With the statue being a part of their history, the University Club paid for the plaque and the reception and helped promote the event.

It was also a special event for Dr. Bernabei’s daughters providing an opportunity to reconnect with Queen’s and to tell their family’s story.

“The reception in honour of our father was deeply moving for us,” says Mati Bernabei. “He was still a young man when he died, and my sister and I were just teenagers. The circumstances of his death were difficult – grief weighed heavily at the time. But now, 38 years later, this event provided my sister and I, and our father’s friends and former students, an opportunity to celebrate his life, his art, and his passion for teaching.”

“I have no doubt that he would be absolutely delighted that it was Venus who brought us all together,” says Gina Jack. “When he brought her to the University Club he was extremely ill – nonetheless, he hatched a plan, and snuck his beloved Venus into her rightful home. The reception, and the plaque, honouring her, and establishing her place officially as a permanent resident of the club, was the perfect way to honour our father.”

An international learning experience

[Ajay Agarwal]
Ajay Agarwal (School of Urban and Regional Planning), centre, and a group of his students visit Auroville during the SURP 827 International Planning Project course trip to India. (Supplied Photo)

When students from the School of Urban and Regional Planning return to India this year, they will once again be gaining hands-on experience while working on a real planning project.

Queen's In the World

The students of the SURP 827 International Planning Project course will also be gaining valuable international experience, learning the intricacies of working in a new environment, in a cultural setting different from their own.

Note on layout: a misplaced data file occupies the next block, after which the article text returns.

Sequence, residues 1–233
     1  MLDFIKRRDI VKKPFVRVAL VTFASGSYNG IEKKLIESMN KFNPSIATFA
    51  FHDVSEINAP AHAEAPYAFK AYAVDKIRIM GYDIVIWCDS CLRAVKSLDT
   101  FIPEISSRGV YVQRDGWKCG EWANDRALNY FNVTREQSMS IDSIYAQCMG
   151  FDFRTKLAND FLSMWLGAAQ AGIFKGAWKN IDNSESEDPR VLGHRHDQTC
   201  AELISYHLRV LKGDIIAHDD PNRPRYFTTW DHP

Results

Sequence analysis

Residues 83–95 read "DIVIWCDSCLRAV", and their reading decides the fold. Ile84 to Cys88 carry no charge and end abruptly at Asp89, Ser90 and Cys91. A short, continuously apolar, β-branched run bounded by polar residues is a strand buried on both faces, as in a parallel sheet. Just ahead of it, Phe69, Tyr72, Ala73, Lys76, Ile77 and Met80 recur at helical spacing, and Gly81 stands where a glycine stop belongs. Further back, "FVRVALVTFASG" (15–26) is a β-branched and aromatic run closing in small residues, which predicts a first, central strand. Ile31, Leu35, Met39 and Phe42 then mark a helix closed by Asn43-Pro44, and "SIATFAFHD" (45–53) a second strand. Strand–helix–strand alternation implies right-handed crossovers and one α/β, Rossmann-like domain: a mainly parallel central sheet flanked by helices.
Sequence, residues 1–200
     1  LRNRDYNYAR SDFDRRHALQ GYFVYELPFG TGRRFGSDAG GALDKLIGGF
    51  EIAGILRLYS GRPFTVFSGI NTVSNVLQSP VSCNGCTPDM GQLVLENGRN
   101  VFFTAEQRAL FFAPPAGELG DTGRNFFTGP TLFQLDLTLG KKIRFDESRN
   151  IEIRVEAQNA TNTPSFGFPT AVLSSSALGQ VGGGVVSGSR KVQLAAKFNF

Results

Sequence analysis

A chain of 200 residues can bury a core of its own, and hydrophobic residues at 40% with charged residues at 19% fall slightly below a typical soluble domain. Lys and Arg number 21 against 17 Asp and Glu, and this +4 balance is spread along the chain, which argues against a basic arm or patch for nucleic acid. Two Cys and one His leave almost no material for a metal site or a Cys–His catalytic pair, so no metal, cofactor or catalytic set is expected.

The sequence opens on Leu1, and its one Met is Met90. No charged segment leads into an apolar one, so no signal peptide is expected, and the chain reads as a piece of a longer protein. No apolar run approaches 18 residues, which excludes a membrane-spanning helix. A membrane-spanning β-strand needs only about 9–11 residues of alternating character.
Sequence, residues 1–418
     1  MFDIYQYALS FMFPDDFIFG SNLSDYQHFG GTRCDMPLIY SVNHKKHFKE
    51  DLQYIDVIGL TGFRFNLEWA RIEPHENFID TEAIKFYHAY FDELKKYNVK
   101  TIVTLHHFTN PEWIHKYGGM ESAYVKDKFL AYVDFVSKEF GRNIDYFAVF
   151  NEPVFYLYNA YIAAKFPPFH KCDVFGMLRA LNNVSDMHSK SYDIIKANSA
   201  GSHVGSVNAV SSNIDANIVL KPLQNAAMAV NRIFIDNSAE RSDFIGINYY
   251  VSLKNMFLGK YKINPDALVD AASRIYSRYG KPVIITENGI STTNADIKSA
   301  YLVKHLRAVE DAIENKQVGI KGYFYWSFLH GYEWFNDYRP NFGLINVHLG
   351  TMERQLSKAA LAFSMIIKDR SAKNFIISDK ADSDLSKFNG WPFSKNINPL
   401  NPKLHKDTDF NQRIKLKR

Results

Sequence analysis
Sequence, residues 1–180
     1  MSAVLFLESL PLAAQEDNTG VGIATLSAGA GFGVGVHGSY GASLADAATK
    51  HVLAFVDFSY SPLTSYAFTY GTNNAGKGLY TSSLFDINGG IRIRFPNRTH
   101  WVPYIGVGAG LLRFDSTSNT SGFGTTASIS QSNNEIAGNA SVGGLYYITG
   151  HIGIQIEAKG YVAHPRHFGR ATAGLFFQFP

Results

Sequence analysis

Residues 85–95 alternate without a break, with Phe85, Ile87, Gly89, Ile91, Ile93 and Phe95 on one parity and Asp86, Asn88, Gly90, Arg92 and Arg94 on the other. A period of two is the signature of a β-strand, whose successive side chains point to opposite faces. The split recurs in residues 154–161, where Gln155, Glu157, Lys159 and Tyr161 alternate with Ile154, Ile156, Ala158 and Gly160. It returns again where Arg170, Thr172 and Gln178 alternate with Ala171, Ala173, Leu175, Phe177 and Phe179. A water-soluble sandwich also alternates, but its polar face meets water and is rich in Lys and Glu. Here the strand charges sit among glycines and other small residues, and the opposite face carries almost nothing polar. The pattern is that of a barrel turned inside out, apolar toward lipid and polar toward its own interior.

This experience is what has made the course so successful, explains Associate Professor Ajay Agarwal, who created and continues to deliver the course as it enters a fifth year.

For this work, Dr. Agarwal received the International Education Innovation Award, which recognizes excellence in the internationalization of curriculum in programs or courses. It is one of the six Principal’s Teaching and Learning Awards.

The opportunity to travel to India and work on a project with community members has been an important draw for the course and SURP, which was recently integrated into the Department of Geography and Planning, Dr. Agarwal says. Increasingly, planning firms are working on a global scale. While a head office may be located in a city like Toronto, the firm can be working on projects anywhere around the world.

“I personally think that for students who want to practice planning, the course widens their view of the world, because many of our students have always lived and worked in Canada,” he says. “Really, in a global setting, where firms from Canada do projects all over the world including planning projects, it is very important for these students to get outside their comfort zone and face the challenges of working in a foreign environment, which includes language, culture, customs, habits, everything. That gives them the confidence of being able to work on a project that has any magnitude of challenge.”

Through the course students learn to be adaptable and creative in finding solutions and to manage any adversity they may face.

Receiving the award has helped raise the profile of the course and SURP within the university and, on a personal level, has provided some “external validation” for the work he has done over the years, Dr. Agarwal adds.

Through the nomination process, Dr. Agarwal has received valuable feedback about the course from past students, many of whom are now working in international planning. All of those who responded said it was a positive experience and many added that the course has helped them within the job market. This positive reputation has resulted in a growing interest in the course.

“It’s not an exaggeration to say it has become one of the most popular courses we offer at SURP,” Dr. Agarwal says.  “Quite a few students now say that they chose Queen’s over other universities for this graduate program in planning because of that international experience that we offer.”

The Principal’s Teaching and Learning Awards, created in 2015, recognize individuals and teams who have shown exceptional innovation and leadership in teaching and learning on campus. The awards are administered by the Centre for Teaching and Learning (CTL).